Chad fits the role: Its nation is also largely desert, and its soldiers are battle-hardened after years of civil war. One round-faced soldier, 25, scoffed at the notion that this would be his first war. "Ive been to the front lines many times," Mokhtar Mohammed said.
Theyve also fought Islamists before, most recently to keep fleeing Libyan militias from pushing into their country. And theyve fought in the Tibesti mountains in Chads northwestern corner, which might come in useful for the wars next phase, which some experts predict will take place in the stone-and-sand mountain ranges of northeastern Mali.
Such experience is in stark contrast to Malis own forces, which infamously abandoned northern Mali in only days last year, and whose men seem to fear entering battle with jihadists, whom many Malians claim dont fear death.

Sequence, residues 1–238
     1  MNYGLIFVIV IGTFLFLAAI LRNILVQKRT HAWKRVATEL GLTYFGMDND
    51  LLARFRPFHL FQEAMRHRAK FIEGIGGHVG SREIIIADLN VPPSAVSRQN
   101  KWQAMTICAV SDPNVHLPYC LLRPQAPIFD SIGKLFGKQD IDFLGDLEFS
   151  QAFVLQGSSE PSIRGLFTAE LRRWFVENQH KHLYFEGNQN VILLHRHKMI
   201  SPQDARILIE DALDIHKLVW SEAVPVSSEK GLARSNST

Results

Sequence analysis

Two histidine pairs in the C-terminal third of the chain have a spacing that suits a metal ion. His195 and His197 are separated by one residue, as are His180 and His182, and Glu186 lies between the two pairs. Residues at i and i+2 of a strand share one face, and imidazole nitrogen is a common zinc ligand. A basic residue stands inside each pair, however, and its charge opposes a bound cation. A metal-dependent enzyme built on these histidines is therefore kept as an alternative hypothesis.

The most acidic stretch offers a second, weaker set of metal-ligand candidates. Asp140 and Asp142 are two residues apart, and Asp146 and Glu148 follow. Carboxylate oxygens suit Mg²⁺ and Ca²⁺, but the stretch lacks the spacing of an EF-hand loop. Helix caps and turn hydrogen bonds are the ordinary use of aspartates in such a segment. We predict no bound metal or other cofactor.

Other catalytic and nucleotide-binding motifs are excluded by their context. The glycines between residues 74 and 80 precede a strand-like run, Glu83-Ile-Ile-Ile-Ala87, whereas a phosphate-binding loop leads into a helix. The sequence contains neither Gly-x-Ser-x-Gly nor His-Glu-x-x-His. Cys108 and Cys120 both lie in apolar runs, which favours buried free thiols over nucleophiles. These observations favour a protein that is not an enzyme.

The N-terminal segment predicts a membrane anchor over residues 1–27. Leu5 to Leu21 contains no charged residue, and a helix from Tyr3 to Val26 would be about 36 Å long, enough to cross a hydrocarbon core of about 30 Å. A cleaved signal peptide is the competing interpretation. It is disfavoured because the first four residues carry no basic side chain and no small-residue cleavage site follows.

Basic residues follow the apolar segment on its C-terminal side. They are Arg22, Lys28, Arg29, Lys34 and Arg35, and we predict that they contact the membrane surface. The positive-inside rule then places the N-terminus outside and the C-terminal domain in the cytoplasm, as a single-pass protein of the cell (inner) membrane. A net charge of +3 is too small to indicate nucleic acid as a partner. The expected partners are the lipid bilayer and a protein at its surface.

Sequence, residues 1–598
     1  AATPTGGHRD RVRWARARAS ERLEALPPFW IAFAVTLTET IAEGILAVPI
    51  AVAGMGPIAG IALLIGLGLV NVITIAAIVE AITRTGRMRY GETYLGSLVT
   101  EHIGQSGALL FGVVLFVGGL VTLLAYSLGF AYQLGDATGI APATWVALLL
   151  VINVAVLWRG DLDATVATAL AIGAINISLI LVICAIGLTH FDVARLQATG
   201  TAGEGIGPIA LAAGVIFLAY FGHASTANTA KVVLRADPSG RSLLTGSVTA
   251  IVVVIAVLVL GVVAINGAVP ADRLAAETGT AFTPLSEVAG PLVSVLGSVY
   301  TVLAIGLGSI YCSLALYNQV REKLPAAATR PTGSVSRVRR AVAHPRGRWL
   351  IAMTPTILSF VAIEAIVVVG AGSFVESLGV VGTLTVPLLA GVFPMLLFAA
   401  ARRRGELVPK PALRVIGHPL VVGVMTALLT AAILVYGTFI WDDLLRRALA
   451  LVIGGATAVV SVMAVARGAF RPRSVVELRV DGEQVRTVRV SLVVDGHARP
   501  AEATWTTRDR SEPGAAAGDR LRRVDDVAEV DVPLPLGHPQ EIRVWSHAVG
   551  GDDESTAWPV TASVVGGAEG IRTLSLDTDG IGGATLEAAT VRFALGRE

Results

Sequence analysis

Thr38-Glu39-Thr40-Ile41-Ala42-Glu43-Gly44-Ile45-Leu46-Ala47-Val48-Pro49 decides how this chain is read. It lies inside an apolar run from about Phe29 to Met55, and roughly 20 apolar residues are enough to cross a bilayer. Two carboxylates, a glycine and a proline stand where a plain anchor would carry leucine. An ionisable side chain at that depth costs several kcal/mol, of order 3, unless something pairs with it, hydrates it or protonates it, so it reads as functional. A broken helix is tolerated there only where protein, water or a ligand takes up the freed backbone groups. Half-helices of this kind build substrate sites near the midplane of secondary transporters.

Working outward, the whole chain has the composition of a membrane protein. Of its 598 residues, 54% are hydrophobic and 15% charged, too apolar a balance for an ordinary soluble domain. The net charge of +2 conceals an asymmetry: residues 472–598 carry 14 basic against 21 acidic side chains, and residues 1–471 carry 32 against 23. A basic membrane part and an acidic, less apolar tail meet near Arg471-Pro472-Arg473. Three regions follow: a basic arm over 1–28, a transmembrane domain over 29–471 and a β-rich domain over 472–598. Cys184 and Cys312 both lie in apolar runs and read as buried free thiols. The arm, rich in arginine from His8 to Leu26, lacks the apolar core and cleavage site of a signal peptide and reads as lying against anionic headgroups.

The Chadians, on the other hand, seem to relish the task.
"We are Muslims like them, so we understand their ideology, and we dont fear them," a Chadian intelligence officer, Lt. Col. Ibrahim Idriss, 47, said about Islamist militants. "We view them just like everyone else."
The enemy the Chadians came to fight, though, seems to have vanished mostly to Libya and Mauritania, Idriss said out of his troops reach.
He said he expected the enemy to regroup and expand its terrorist attacks.
"Getting them out of Mali will be easy," he said. But Africas new war in the vast sandy back roads, where borders are only lines on a map, "will take a long time."
Video: French Troops in Mali Take Timbuktu Airport